It seems these Enlisted Frock Coats have become my specialty. My latest is number twenty five. Here are some photos with brief descriptions for your enjoyment.

First we have a coat in one of the early stages of production, the skeleton baste. In preparation for the first fitting, the coat was basted together completely by hand. At this point, most of the ironwork was done, except for the chest. This ironwork gives three dimensional shape to the fabric, allowing it to hug the body even closer.

Skeleton Baste

Next we have the back piece being pressed. First, the edge is folded over and carefully basted, to form a self facing. It is then pressed. Using a press cloth to prevent shine and iron imprints on the cloth, I carefully wet the cloth, then press with my antique sad iron. The iron weighs 16 pounds and practically does the work for me. No need to press down as with modern home irons.

Back Piece

After pressing, the facing is carefully felled by hand.


In this next photo you can see just a few of the hundreds of basting stitches needed. The short cut threads are called tailor’s tacks, and they show the position of the seam line. This way, I can add inlays of fabric in case adjustments are needed during the fitting. The other stitches are running stitches which hold the pieces together.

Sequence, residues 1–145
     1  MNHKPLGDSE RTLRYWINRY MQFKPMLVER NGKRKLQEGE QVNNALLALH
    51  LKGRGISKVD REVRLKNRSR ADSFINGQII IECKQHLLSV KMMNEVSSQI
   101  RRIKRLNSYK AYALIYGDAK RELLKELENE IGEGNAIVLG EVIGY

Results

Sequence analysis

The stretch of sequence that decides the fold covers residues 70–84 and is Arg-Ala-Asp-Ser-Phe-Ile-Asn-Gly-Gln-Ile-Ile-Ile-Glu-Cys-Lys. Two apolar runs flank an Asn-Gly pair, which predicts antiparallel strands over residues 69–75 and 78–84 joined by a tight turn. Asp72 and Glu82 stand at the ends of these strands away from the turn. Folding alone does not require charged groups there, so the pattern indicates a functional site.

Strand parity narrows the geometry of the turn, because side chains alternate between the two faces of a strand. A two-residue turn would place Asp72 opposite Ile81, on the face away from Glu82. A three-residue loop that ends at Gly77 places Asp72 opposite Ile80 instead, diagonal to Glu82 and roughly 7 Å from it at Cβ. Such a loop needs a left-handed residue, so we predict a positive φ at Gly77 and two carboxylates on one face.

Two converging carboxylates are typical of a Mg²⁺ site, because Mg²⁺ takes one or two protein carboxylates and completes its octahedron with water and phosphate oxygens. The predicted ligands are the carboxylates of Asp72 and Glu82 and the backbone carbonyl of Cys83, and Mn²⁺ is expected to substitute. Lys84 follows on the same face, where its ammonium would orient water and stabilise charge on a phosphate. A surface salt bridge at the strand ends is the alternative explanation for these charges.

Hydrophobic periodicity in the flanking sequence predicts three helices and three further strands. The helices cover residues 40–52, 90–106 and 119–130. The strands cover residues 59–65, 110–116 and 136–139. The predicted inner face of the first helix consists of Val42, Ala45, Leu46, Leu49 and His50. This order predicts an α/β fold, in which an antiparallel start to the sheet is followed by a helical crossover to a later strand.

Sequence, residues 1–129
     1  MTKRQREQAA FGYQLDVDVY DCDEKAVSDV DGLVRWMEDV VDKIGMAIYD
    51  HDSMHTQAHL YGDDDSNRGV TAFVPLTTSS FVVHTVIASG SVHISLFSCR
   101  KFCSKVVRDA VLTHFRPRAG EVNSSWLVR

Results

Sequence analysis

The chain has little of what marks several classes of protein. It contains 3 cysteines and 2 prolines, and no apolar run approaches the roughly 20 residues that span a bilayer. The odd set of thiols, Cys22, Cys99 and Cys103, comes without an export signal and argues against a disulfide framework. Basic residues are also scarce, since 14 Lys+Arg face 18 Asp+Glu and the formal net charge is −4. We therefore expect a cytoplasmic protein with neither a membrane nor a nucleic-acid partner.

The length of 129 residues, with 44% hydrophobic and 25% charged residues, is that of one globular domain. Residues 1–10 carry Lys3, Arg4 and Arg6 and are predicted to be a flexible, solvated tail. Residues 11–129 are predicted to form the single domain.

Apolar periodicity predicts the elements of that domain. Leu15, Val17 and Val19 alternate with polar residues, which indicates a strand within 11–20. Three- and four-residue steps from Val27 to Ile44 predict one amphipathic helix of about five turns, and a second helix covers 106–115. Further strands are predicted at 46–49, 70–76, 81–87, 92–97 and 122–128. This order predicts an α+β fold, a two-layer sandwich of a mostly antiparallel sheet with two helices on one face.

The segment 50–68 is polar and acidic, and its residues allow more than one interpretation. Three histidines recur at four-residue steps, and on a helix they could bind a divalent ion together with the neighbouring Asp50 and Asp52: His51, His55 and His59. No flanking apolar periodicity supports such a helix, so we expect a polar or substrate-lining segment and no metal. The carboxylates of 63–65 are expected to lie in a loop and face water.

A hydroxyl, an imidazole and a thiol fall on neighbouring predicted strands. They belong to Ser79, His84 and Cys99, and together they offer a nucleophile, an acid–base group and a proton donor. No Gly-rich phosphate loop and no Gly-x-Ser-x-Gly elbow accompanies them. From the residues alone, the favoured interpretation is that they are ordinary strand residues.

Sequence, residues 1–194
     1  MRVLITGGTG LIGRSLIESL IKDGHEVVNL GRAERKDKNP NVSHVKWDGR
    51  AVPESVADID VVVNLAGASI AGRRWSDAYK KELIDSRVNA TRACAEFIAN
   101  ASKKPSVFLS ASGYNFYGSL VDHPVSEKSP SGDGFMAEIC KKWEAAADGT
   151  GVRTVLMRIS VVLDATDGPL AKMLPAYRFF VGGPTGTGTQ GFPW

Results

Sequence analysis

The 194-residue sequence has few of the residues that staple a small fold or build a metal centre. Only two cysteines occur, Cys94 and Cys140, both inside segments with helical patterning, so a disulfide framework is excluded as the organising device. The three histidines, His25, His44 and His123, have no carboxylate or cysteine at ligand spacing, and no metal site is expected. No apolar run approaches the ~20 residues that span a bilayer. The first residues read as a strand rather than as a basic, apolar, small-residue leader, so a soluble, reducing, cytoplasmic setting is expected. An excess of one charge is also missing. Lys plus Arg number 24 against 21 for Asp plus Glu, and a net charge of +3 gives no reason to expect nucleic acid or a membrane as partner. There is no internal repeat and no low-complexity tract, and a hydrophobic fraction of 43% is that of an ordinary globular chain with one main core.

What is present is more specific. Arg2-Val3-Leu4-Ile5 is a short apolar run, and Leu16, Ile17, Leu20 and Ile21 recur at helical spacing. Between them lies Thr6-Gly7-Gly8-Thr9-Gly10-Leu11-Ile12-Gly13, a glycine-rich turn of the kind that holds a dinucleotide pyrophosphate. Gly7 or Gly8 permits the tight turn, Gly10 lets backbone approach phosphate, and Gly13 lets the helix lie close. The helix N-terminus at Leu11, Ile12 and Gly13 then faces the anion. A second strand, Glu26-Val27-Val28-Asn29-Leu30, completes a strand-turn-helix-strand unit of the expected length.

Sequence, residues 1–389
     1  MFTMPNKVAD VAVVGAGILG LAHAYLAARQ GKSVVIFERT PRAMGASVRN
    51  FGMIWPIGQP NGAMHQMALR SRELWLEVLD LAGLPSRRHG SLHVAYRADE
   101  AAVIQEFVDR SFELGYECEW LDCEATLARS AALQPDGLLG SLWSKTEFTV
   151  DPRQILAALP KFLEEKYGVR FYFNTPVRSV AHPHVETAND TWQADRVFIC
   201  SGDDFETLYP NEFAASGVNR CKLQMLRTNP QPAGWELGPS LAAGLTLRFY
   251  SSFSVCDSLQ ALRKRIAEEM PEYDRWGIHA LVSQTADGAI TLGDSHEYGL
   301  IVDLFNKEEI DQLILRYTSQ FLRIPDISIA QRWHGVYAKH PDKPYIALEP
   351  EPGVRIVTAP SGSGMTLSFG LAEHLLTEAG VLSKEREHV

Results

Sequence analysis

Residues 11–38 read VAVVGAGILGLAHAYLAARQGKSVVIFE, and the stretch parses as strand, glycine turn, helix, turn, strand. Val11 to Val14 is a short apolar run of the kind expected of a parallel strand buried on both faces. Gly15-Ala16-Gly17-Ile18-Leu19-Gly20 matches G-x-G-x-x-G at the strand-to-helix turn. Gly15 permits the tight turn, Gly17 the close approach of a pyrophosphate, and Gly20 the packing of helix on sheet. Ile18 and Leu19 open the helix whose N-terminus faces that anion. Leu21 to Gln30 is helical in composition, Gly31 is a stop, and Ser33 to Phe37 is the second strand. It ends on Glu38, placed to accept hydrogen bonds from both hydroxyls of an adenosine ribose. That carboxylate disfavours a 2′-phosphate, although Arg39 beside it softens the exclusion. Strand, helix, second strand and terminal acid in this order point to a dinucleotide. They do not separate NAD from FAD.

Basting Stitches

Here is the side body piece. It is folded in half lengthwise, and simultaneously stretched on the edges, while being shrunk in the center with the iron. After doing this, it has a nice three-dimensional curve to it; a much nicer shape than a flat, lifeless piece of fabric.

Side Body

The chest piece is fulled at the centre front, and the excess fabric is worked towards the middle of the chest. This helps to give that pigeon-breasted look so common in the 19th century. This, combined with iron work in the shoulder and neck areas, also helps straighten the fronts to prevent them sagging outwards like so many reproduction coats do. In place of the iron work on the centre front, one can also place two small fishes, or darts to get the same affect.

This last photo is of the side seam, showing the tailor tacks and inlay.

Side seam and inlay